Our knowledge of vitamin D has come a long way since the 100 years it took for doctors to accept, between 1860 and 1890, that both sunlight and cod liver oil (a well-known folk remedy) cured and prevented rickets. Vitamins D2/D3 were discovered exactly a hundred years ago, and over the last 50 years vitamin D has been found to have many effects on virtually all human tissues and not just on bone health, while mechanisms affecting the actions of vitamin D at the cellular level are increasingly understood, but deficiency persists globally. Observational studies in humans have shown that better provision of vitamin D is strongly associated, dose-wise, with reductions in current and future health risks in line with the known actions of vitamin D. Randomised controlled trials, commonly accepted as providing a ‘gold standard’ for assessing the efficacy of new forms of treatment, have frequently failed to provide supportive evidence for the expected health benefits of supplementation. Such RCTs, however, have used designs evolved for testing drugs while vitamin D is a nutrient; the appreciation of this difference is critical to identifying health benefits from existing RCT data and for improving future RCT design. This report aims, therefore, to provide a brief overview of the evidence for a range of non-bony health benefits of vitamin D repletion; to discuss specific aspects of vitamin D biology that can confound RCT design and how to allow for them.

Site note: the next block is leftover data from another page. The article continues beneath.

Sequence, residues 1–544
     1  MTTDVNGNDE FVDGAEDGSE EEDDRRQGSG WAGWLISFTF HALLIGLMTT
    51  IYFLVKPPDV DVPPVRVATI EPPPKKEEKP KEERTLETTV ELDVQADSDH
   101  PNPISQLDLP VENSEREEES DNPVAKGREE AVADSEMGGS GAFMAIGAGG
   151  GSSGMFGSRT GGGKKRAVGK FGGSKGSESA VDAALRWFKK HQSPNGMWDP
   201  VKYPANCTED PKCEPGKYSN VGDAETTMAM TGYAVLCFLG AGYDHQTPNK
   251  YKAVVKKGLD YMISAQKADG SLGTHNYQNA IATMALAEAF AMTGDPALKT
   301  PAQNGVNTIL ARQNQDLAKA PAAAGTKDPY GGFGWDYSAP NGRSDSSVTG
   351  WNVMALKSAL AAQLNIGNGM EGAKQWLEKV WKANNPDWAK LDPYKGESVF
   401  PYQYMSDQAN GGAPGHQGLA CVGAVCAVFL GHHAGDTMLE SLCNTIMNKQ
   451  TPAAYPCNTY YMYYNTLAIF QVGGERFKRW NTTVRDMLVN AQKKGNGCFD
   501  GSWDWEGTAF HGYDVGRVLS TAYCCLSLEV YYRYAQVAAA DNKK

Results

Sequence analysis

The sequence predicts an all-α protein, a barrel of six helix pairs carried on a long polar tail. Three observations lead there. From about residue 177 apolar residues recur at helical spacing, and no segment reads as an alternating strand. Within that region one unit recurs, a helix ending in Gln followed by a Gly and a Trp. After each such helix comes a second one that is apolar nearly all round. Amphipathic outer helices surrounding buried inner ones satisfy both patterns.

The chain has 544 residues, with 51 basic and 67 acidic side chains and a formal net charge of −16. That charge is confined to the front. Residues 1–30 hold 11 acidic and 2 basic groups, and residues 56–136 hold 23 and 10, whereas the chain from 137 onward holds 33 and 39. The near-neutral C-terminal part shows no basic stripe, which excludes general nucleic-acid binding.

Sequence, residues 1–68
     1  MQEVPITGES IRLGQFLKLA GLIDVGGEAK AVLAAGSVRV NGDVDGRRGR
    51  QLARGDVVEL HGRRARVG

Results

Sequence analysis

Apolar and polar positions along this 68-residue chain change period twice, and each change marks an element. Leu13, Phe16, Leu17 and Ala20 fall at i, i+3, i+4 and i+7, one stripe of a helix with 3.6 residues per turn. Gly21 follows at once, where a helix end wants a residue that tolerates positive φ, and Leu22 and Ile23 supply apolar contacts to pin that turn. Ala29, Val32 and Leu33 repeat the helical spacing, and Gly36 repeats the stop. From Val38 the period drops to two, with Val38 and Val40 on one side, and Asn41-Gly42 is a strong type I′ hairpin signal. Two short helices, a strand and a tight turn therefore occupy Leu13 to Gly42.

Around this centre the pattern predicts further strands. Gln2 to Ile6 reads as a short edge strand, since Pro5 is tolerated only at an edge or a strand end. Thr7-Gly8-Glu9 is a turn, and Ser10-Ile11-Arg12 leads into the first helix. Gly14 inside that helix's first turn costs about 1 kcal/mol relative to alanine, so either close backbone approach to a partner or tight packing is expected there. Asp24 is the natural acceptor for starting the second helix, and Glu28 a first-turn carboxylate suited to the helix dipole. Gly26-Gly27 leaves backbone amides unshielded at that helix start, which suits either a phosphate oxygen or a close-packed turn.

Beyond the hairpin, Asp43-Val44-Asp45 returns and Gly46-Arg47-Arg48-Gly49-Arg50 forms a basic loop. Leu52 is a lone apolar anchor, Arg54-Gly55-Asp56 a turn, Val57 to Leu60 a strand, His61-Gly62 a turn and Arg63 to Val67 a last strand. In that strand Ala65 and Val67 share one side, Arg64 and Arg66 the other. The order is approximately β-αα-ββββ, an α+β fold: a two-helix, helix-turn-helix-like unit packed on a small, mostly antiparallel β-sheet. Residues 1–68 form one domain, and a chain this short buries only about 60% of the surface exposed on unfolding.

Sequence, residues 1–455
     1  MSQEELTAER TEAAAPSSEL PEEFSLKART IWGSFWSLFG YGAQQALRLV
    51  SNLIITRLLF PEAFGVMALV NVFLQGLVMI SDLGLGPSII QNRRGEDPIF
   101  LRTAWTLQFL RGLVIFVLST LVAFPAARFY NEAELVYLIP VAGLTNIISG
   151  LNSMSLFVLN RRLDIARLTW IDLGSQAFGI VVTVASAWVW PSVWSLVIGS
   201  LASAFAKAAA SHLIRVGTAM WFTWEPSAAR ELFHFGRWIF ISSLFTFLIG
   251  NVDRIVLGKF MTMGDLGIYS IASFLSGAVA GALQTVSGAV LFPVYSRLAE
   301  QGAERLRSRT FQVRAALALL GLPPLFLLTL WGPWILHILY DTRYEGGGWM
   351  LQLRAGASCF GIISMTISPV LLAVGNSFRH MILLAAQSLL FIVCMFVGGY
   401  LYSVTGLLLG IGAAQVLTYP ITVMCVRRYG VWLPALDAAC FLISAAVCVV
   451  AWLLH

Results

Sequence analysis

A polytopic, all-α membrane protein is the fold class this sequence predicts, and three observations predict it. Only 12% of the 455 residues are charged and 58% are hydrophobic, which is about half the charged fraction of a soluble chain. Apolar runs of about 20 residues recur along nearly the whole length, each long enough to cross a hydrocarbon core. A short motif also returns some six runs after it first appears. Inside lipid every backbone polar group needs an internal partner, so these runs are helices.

Johanna Öberg, Rolf Jorde, Yngve Figenschau, Per Medbøe Thorsby, Sandra Rinne Dahl, Anne Winther, and Guri Grimnes